Does bad parenting cause Oppositional Defiant Disorder?

Re: Does bad parenting cause Oppositional Defiant Disorder?

I don’t think there is a causal relationship (i.e., one causes the other) between bad parenting and Oppositional Defiant Disorder – but there certainly is a correlation (i.e., one contributes to the other) between lack of appropriate parenting skills (i.e., skills needed specifically for raising an oppositional child) and this disorder.

Oppositional Defiant Disorder does seem to arise out of a circular family dynamic. The infant, who is by nature more difficult, fussy and colicky, may be harder to soothe. The mom or dad may feel frustrated and unsuccessful at parenting such a child. If parents perceive their youngster as unresponsive or "bad," they may begin to anticipate that the youngster will be unresponsive or noncompliant. They may then become unresponsive or unreliable in return, adding to the youngster's feelings of helplessness, neediness, and frustration.

As moms and dads attempt to assert control by insisting on compliance in such areas as eating, toilet training, sleeping, or speaking politely, the youngster may demonstrate resistance by withholding or withdrawing. As a youngster matures, increasing negativism, defiance, and noncompliance become misguided ways of dealing with grown-ups. In this way the disorder may be a tenacious drawing out of the "terrible twos."

The more a youngster reacts in defiant, provocative ways, the more negative feedback is elicited from the mother or father. In an attempt to achieve compliance, the parent and other authority figures remind, lecture, berate, physically punish, and nag the youngster. But far from diminishing defiant behavior, these kinds of responses toward the youngster tend to increase the rate and intensity of non-compliance. Ultimately, it becomes a tug of war and a battle of wills.

When such patterns typify parent-child relationships, discipline is often inconsistent. At times, moms and dads may explode in anger as they attempt to control and discipline their youngster. At other times, they may withhold appropriate consequences which soon become hollow threats. As the youngster continues to provoke and defy, parents lose control. Then, feeling regret and guilt (especially if they’ve become verbally or physically explosive), the parent may become excessively rewarding and gratifying in order to undo what they now perceive to have been excessive discipline or punitive consequences.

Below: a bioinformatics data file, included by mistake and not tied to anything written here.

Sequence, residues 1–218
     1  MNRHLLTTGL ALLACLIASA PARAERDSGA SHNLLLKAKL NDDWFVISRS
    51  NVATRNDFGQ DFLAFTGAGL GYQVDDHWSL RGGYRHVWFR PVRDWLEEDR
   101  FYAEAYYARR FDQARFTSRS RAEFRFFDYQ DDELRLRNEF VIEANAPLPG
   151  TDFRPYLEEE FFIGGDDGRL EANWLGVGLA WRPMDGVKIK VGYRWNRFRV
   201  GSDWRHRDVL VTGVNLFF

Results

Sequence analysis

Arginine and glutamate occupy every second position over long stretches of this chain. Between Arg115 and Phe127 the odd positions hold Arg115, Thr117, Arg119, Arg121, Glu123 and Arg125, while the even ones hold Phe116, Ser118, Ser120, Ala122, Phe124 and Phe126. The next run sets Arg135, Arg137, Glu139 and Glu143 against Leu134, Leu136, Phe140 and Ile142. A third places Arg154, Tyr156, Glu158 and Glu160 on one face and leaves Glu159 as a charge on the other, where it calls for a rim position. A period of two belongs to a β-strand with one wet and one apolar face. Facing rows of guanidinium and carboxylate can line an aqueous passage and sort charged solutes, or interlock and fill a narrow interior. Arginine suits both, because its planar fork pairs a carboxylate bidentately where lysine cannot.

When a youngster starts school, this pattern of defiant behavior tends to provoke educators and peers as well. At school, the youngster is met with anger, punitive reactions and criticism. The youngster then argues back, blames others and gets angry.

These kids tend to have difficult adapting at school. Their behavior can cause disruption in the classroom and interfere with social and academic functioning. When their behavior and defiance affects their schoolwork and performance, kids often experience school failure and social isolation. This, coupled with chronic criticism, often leads to low self-esteem. Usually, Oppositional Defiant Disorder kids feel unfairly picked on. In fact, they may believe that their behavior is reasonable and the treatment and criticism they receive unfair.

Oppositional Defiant Disorder coexists with ADHD in many cases. In fact, the impulsivity and hyperactivity of ADHD can greatly amplify the non-compliance and uncontrolled anger of Oppositional Defiant Disorder. Symptoms of Oppositional Defiant Disorder may also occur as part of major depressive disorder, obsessive compulsive disorder, or mania. Some kids with separation anxiety disorder may also have defiant behaviors. Clingy attachment merges into or possibly reflects oppositional behavior. There also seems to be a correlation between Oppositional Defiant Disorder in a youngster and a history of disruptive disorders, substance abuse, or other emotional disorders in the parents(s).

==> Parenting Children with Oppositional Defiant Disorder